Instrumental variable methods in comparative safety and effectiveness research (Pharmacoepidemiol Drug Saf 2010;19(6):537–54) is a practical guidance on IV analyses in pharmacoepidemiology. Instrumental variable methods for causal inference (Stat Med 2014;33(13):2297-340) is a tutorial, including statistical code for performing IV analysis.

An important limitation of IV analysis is that weak instruments (small association between IV and exposure) lead to decreased statistical efficiency and biased IV estimates as detailed in Instrumental variables: application and limitations (Epidemiology 2006;17:260-7). For example, in the above mentioned study on non-selective NSAIDs and COX-2-inhibitors, the confidence intervals for IV estimates were in the order of five times wider than with conventional analysis. Performance of instrumental variable methods in cohort and nested case-control studies: a simulation study (Pharmacoepidemiol Drug Saf 2014; 2014;23(2):165-77) demonstrated that a stronger IV-exposure association is needed in nested case-control studies compared to cohort studies in order to achieve the same bias reduction. Increasing the number of controls reduces this bias from IV analysis with relatively weak instruments.

Selecting on treatment: a pervasive form of bias in instrumental variable analyses (Am J Epidemiol 2015;181(3):191-7) warns against bias in IV analysis by including only a subset of possible treatment options.

*5.3.4.6. Prior event
rate ratios*

Another method proposed to control for unmeasured confounding is the Prior Event Rate Ratio (PERR) adjustment method, in which the effect of exposure is estimated using the ratio of rate ratios (RRs) from periods before and after initiation of a drug exposure, as discussed in Replicated studies of two randomized trials of angiotensin converting enzyme inhibitors: further empiric validation of the ‘prior event rate ratio’ to adjust for unmeasured confounding by indication (Pharmacoepidemiol Drug Saf 2008;17(7):671-685). For example, when a new drug is launched, direct estimation of the drugs effect observed in the period after launch is potentially confounded. Differences in event rates in the period before the launch between future users and future non-users may provide a measure of the amount of confounding present. By dividing the effect estimate from the period after launch by the effect obtained in the period before launch, the confounding in the second period can be adjusted for. This method requires that confounding effects are constant over time, that there is no confounder-by-treatment interaction, and outcomes are non-lethal events.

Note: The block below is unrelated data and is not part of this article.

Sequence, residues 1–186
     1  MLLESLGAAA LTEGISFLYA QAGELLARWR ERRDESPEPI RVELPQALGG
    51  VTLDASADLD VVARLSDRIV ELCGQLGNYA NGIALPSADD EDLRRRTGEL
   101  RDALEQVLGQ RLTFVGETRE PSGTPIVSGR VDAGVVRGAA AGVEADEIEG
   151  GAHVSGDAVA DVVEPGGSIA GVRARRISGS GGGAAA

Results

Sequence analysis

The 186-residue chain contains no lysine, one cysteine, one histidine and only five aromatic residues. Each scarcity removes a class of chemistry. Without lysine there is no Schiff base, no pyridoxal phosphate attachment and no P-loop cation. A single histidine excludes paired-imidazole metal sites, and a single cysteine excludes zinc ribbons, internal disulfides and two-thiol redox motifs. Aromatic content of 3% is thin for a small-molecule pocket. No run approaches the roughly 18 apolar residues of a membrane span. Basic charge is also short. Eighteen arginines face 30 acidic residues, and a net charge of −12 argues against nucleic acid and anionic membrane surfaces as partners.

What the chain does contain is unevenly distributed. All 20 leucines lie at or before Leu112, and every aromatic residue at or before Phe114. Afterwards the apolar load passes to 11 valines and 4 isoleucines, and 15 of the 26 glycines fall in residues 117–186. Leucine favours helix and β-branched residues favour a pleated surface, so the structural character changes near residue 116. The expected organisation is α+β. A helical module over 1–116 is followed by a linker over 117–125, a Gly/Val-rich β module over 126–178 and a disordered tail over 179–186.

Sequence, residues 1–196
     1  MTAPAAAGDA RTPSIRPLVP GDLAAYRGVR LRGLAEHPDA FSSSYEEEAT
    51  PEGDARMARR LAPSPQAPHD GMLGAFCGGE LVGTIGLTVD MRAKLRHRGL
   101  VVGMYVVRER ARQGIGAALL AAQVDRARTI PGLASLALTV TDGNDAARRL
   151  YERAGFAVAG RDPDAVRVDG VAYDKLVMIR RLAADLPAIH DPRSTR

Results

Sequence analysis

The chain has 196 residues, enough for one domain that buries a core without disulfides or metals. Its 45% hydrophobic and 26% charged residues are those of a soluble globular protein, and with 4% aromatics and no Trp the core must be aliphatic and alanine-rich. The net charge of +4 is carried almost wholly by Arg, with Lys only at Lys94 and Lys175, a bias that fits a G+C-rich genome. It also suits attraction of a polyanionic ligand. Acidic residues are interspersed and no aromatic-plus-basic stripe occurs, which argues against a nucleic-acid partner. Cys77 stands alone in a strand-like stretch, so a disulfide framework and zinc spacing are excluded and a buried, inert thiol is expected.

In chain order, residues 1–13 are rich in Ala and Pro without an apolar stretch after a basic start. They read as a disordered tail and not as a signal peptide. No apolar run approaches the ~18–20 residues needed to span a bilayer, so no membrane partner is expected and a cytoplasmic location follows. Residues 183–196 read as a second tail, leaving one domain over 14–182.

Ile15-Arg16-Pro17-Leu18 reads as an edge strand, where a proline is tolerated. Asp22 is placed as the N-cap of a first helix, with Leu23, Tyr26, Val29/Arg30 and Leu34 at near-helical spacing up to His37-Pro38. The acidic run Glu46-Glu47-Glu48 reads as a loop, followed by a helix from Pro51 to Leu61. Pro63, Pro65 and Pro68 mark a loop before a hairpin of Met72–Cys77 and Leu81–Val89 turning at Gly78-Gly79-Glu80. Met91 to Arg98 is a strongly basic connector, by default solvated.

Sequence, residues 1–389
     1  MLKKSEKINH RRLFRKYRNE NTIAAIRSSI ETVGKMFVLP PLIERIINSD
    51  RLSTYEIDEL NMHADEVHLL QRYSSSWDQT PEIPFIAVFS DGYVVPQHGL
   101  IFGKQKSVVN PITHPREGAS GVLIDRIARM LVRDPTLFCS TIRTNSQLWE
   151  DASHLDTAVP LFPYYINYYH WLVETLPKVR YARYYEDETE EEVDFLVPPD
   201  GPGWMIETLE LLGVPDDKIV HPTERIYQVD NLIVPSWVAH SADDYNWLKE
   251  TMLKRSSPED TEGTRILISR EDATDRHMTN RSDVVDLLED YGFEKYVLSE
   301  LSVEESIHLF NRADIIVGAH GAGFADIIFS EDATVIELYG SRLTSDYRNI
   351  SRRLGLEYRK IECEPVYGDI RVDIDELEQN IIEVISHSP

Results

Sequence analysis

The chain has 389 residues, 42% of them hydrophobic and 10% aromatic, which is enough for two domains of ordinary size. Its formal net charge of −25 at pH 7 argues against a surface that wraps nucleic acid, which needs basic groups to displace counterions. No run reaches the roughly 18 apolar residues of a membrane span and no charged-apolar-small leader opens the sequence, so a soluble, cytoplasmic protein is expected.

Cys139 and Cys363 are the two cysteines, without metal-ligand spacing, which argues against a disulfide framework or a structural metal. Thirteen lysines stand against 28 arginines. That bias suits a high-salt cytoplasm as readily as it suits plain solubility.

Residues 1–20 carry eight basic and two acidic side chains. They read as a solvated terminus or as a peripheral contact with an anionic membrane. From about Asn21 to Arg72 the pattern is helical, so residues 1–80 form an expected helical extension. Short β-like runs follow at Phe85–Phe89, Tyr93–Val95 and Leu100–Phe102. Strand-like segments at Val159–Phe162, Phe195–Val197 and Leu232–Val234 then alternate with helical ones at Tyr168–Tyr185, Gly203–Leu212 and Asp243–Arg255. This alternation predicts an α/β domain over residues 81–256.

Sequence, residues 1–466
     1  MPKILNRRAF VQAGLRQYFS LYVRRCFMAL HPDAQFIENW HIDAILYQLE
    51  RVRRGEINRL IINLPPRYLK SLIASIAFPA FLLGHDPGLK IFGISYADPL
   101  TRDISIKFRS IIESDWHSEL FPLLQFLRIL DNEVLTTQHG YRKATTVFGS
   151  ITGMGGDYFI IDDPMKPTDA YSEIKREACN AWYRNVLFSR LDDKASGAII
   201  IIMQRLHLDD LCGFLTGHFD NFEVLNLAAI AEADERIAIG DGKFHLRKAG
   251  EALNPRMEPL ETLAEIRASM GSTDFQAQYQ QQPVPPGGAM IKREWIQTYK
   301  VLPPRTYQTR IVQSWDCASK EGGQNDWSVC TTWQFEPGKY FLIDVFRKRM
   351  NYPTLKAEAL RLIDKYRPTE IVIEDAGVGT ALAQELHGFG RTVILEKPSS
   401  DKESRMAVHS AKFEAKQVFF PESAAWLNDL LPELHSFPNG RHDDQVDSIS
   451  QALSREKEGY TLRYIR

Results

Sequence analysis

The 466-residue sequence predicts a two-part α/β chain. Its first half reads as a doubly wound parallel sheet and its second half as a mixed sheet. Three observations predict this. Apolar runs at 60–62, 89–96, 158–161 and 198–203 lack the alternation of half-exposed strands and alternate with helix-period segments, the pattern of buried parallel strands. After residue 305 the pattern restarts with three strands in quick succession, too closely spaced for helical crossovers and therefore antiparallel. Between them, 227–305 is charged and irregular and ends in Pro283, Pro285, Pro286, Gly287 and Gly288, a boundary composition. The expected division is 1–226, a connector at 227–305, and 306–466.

Performance of prior event rate ratio adjustment method in pharmacoepidemiology: a simulation study (Pharmacoepidemiol Drug Saf 2015(5);24:468-477) discusses that the PERR adjustment method can help to reduce bias as a result of unmeasured confounding in certain situations but that theoretical justification of assumptions should be provided.

*5.3.4.7. Handling
time-dependent confounding in the analysis*